The West created this Imagined China. I've just been consuming it all these years. Every other cover of The Economist is China this China that, in a really urgent, vilifying language. I'm not the one creating this Imagined China. Imagined China is a reality; created in the West in the imagination of anyone that's consuming Western literature, films, sociopolitical and economic magazines, media, cartoons, comic books, you name it. The West has been creating monologues, diatribes, tapestries of sounds and visual languages of other cultures for centuries, and instilling it into its readership and educational system.
And how does this translate into music, for you?
Asian motifs in Western music originally started as a colonial export. In Looney Tunes cartoons, and previous examples of that, there's an element of this fascination with the East, and need to create a leitmotif in order to identify characters. These melodies aping real Chinese music are meant to create characters - however removed from reality that music is.
How is that worked through in the technical process though?
These Asian motifs, you can pick them. You can taste them. I didn't even have to search for Chinese virtual instruments. They were already available with the software that came with my computer. Logic has something called the Asian Kit. It's encouraging you to use these sounds. The Korg M1, which is a synthesiser that's favoured by a lot people that make sino music, is full of Chinese flutes, Japanese flutes - you name it. There is a want, a demand, for Asian motifs in music but martial arts and architecture are the largest sources of exposure to Imagined China for people who are consuming Western media.
Where does sampling come into Asiatisch then, considering the weight of using these virtual instruments - if at all?
There are no samples of anything. I think I've used one or two seconds of a sample in all the records I've made. With the exception of "Desert Strike," where I had to sample the sounds of guns and bombs (I can't make those sounds myself, or record them in a controlled environment), I don't sample anything. I've read several articles saying this, but there's not a single video game sample on any record that I've made.
I'm pretty amazed by that to be honest. And the use of Mandarin on the album, that's a big part of it too?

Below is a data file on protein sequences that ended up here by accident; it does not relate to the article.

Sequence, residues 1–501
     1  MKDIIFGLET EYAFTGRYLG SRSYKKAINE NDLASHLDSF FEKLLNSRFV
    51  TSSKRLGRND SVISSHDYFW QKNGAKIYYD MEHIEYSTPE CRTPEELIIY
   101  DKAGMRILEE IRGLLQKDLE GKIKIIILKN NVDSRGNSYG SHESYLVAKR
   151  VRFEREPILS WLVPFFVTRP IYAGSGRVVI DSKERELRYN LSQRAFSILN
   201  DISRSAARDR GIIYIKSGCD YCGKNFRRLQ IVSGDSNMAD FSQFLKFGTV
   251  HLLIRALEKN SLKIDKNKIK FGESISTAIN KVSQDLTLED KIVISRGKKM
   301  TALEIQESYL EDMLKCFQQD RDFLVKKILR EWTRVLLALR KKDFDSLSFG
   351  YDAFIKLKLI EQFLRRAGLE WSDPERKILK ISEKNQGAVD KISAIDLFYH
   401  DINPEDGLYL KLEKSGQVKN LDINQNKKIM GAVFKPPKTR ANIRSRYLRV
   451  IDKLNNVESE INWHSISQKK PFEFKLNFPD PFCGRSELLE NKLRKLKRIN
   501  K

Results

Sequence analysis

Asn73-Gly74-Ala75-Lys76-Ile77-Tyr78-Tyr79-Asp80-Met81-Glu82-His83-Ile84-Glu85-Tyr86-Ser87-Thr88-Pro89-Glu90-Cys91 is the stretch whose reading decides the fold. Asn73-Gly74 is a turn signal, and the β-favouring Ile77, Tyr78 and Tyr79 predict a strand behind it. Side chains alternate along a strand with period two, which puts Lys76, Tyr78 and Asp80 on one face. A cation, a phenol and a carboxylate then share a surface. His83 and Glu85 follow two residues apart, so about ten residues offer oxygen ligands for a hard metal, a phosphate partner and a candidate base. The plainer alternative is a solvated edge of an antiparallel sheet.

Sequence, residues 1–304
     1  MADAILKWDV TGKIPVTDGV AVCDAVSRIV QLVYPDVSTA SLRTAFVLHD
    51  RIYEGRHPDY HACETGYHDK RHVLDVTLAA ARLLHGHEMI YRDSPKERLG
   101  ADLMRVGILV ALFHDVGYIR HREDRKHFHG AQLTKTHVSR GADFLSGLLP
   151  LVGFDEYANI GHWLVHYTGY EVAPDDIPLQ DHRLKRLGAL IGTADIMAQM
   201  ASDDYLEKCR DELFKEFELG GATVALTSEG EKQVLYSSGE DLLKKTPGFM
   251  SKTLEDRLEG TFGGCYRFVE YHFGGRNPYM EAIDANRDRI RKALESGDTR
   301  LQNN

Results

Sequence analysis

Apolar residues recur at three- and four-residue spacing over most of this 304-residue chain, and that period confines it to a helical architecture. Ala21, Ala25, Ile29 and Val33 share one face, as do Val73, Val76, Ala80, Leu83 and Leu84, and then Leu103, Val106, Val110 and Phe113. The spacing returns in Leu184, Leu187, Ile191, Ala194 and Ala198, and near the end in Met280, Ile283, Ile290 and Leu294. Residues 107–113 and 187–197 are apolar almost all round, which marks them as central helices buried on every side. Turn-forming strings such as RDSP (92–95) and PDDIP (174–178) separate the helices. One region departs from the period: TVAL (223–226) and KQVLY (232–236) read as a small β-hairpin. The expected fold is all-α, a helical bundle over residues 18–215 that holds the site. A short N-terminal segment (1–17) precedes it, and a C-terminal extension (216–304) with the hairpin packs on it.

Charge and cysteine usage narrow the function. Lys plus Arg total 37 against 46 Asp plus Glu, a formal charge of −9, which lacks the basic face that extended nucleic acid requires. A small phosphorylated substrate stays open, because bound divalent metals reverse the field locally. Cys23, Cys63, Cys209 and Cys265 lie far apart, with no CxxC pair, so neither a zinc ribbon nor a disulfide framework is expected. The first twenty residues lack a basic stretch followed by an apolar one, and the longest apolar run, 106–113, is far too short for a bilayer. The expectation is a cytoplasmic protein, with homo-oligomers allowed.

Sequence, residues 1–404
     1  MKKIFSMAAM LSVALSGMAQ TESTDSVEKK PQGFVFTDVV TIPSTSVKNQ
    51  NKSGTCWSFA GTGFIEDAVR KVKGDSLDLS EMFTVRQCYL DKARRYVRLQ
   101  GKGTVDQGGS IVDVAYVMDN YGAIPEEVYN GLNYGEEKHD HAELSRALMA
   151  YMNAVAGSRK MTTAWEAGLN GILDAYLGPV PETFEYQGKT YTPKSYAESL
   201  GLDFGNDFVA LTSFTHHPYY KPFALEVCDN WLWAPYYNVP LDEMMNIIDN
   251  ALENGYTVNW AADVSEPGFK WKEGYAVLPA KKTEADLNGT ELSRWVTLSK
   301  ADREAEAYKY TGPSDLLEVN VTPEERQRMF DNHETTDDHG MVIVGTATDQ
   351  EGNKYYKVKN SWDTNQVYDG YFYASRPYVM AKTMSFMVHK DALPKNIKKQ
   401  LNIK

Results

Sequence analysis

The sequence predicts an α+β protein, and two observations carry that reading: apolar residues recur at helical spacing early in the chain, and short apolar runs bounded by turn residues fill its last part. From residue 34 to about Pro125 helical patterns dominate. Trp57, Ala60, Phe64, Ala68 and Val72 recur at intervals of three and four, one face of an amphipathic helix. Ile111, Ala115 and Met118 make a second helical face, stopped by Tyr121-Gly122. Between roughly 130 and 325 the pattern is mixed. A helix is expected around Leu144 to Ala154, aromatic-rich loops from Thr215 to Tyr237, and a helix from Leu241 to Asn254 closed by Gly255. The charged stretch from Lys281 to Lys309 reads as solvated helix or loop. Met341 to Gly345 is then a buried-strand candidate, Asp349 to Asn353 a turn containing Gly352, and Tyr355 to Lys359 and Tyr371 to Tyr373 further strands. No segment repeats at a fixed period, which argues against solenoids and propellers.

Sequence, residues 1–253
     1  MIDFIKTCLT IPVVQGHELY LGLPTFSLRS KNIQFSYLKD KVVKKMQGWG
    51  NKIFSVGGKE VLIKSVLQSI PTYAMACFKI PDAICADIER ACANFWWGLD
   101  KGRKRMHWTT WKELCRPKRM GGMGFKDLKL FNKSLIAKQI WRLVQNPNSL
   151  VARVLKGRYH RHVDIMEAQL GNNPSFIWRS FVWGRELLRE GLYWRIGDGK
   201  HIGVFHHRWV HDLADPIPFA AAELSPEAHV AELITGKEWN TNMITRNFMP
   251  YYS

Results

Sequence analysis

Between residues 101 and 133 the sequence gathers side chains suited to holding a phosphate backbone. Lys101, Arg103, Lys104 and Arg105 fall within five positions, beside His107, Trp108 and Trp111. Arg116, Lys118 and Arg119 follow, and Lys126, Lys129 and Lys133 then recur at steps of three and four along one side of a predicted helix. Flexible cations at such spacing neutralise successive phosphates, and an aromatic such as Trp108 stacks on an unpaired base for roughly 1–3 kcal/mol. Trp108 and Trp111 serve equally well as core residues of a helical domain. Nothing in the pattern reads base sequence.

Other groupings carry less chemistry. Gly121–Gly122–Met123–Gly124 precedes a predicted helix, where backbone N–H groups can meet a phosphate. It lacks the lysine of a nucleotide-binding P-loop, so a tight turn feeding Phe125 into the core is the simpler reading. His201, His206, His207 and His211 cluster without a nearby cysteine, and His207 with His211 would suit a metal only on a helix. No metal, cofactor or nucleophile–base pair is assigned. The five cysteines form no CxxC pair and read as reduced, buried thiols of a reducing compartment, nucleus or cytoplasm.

The sampling of classical Chinese poetry to me is representative of the ancient soul of China. I did a semester of classical Chinese literature at university, so I have more exposure and understanding of these poems than just randomly plucking them out of the internet, and not knowing anything about them. These words are about ancient China, the real China. Even though I've edited them in a way that's scrambled, because Imagined China is a scrambled idea. It's not something that you can easily even encompass in a sentence or two - or three, or four. It's an undertaking.
It's a really heady layering of ideas. How do you feel you can begin to tackle something that loaded?
None of the statements that I'm making are closed statements. It's all open to interpretation. The thing is with music is that music is the most abstract language - so you can give a fuck, or let the music speak for itself. I'm letting the music speak for itself. This is the context that I'm placing it in. Whether you want to read the context or not is up to you. I'm making melodic information. It's not atonal. More than that, Asian motifs in Western music are never going to go away. Once they enter, they stay and mutate. This is something that has to be explored in writing, perhaps. I'm not a writer. That's why I did this through music; to express it abstractly, start the ball rolling into this rabbit-hole. You have your experience of Imagined China. Have you been to China?